• Clearly, PPF is a lot more tax efficient compared to debt funds. Apart from the Section 80C benefit, the interest is tax free in the hands of the PPF investor. In case of debt funds, there is no Section 80C benefit available. Dividends on debt funds are subject to 29.12% DDT and both STCG and LTCG are taxable in case of debt funds.

  • Where debt funds really score is on liquidity and flexibility. For example, debt funds can be liquidated at very short notice with minimal price damage. Secondly, debt funds can be structured as SIPs, SWPs and STPs, which makes them a lot more flexible compared to PPF; which is a relatively rigid product.

PPF continues to be popular due to its tax efficiency and low risk. Remember, that the biggest risk today is not taking on adequate risk. That should be the guiding principle when you decide on whether to opt for PPF or mutual funds.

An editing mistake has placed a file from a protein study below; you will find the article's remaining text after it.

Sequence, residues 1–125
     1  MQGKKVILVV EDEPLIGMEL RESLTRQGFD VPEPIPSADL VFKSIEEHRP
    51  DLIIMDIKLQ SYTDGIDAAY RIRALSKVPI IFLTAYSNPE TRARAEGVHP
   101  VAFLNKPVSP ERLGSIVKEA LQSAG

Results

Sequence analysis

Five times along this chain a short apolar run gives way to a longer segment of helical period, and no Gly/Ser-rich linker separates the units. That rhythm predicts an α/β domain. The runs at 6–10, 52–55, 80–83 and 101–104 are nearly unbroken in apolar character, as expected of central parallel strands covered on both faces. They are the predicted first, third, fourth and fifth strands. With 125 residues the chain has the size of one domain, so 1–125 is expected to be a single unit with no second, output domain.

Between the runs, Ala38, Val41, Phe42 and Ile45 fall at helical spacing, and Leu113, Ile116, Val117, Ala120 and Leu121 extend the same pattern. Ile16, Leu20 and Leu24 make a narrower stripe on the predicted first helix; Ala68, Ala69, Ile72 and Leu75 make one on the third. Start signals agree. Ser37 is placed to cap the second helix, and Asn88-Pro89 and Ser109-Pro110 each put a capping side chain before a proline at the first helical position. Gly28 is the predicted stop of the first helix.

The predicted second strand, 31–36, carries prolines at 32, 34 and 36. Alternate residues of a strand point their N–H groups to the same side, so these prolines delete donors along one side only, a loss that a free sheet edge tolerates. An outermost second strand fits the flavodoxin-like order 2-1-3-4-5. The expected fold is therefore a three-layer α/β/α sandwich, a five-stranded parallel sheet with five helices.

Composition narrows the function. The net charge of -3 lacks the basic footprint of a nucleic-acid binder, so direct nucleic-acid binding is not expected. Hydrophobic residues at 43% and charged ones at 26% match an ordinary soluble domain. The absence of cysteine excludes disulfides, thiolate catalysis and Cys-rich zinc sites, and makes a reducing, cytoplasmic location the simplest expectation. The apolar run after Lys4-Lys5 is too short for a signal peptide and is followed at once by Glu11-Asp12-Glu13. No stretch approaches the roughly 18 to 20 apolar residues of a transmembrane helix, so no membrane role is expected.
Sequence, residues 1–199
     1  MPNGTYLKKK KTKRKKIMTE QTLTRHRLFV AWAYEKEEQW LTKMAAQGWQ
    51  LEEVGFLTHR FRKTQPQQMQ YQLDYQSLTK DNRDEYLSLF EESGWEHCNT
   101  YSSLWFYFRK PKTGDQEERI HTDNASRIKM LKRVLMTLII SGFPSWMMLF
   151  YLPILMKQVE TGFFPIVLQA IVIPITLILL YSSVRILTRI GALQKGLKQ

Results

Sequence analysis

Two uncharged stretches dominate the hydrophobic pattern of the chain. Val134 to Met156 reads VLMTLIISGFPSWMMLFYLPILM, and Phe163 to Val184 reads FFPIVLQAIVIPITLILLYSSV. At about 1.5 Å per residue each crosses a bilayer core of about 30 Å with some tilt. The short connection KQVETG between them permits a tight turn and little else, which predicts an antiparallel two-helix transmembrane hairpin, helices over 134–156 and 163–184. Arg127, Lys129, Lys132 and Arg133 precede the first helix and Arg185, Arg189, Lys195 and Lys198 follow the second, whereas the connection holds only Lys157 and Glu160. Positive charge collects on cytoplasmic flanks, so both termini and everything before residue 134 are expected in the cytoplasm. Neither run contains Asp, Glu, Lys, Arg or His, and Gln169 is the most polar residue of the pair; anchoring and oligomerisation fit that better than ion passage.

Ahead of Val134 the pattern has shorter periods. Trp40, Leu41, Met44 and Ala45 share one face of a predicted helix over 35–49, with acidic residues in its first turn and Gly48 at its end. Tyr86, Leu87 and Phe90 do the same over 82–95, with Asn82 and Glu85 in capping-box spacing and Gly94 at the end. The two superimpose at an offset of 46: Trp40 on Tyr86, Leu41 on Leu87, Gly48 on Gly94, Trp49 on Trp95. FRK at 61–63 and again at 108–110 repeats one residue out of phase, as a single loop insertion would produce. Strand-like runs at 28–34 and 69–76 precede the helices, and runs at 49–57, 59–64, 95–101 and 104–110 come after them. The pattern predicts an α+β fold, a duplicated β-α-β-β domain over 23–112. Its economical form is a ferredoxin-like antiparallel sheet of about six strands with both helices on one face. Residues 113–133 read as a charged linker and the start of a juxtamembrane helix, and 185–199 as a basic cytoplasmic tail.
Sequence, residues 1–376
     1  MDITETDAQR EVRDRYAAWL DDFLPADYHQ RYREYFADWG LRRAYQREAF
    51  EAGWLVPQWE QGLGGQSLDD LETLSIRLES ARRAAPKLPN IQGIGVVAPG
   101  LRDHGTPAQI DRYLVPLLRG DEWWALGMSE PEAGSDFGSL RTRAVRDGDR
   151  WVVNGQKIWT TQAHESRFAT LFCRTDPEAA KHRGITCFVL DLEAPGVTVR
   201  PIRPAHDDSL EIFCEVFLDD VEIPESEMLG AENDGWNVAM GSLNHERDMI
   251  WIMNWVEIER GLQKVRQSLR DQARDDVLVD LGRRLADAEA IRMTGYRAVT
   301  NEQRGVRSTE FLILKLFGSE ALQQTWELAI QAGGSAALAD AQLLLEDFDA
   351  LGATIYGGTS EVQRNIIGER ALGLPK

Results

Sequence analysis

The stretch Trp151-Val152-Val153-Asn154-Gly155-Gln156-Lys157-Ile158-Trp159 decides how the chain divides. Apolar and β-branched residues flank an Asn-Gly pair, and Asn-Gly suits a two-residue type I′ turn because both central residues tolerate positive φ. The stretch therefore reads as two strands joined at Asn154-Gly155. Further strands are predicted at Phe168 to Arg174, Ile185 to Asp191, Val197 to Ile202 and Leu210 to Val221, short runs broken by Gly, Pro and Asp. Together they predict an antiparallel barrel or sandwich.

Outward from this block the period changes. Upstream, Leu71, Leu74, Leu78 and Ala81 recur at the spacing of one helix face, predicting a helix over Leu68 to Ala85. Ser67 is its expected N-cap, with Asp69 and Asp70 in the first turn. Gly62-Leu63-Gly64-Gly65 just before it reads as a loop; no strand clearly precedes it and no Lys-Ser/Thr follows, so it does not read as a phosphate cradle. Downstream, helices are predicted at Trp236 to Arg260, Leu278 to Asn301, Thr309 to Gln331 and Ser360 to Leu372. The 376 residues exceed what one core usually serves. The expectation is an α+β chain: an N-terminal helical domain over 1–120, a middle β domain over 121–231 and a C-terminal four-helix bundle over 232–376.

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Which is the better investment option: PPF or mutual funds?

15 Jan 2020

Public provident funds (PPF) have been the default favourite of Indian investors for a long time. The reasons are not far to seek. The returns were higher than bank deposits, the tax breaks were at multiple levels and the PPF account had full government guarantee. Investors really could not ask for more. A lot has changed in the last few years. The rates of return on most small savings have consistently come down while new and innovative forms of mutual funds have tried to fill the gap. It is in this context that an investor needs to make the choice of PPF versus mutual funds.